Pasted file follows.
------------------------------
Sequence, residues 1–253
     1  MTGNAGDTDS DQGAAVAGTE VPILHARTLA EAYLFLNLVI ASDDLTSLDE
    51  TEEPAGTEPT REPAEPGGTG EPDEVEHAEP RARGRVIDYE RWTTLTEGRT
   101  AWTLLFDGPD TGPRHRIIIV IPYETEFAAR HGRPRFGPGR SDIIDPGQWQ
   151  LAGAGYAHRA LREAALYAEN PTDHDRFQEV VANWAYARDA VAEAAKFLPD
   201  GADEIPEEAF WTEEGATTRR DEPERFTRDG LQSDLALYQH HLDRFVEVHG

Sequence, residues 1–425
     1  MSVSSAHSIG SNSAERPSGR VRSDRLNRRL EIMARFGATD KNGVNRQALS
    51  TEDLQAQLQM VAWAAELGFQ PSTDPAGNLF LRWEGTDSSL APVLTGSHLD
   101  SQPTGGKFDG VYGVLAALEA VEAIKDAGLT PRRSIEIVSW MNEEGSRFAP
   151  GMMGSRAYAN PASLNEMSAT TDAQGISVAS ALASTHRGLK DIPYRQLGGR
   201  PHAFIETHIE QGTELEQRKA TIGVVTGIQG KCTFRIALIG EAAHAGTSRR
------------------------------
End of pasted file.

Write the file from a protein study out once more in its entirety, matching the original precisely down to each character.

Sequence, residues 1–253
     1  MTGNAGDTDS DQGAAVAGTE VPILHARTLA EAYLFLNLVI ASDDLTSLDE
    51  TEEPAGTEPT REPAEPGGTG EPDEVEHAEP RARGRVIDYE RWTTLTEGRT
   101  AWTLLFDGPD TGPRHRIIIV IPYETEFAAR HGRPRFGPGR SDIIDPGQWQ
   151  LAGAGYAHRA LREAALYAEN PTDHDRFQEV VANWAYARDA VAEAAKFLPD
   201  GADEIPEEAF WTEEGATTRR DEPERFTRDG LQSDLALYQH HLDRFVEVHG

Sequence, residues 1–425
     1  MSVSSAHSIG SNSAERPSGR VRSDRLNRRL EIMARFGATD KNGVNRQALS
    51  TEDLQAQLQM VAWAAELGFQ PSTDPAGNLF LRWEGTDSSL APVLTGSHLD
   101  SQPTGGKFDG VYGVLAALEA VEAIKDAGLT PRRSIEIVSW MNEEGSRFAP
   151  GMMGSRAYAN PASLNEMSAT TDAQGISVAS ALASTHRGLK DIPYRQLGGR
   201  PHAFIETHIE QGTELEQRKA TIGVVTGIQG KCTFRIALIG EAAHAGTSRR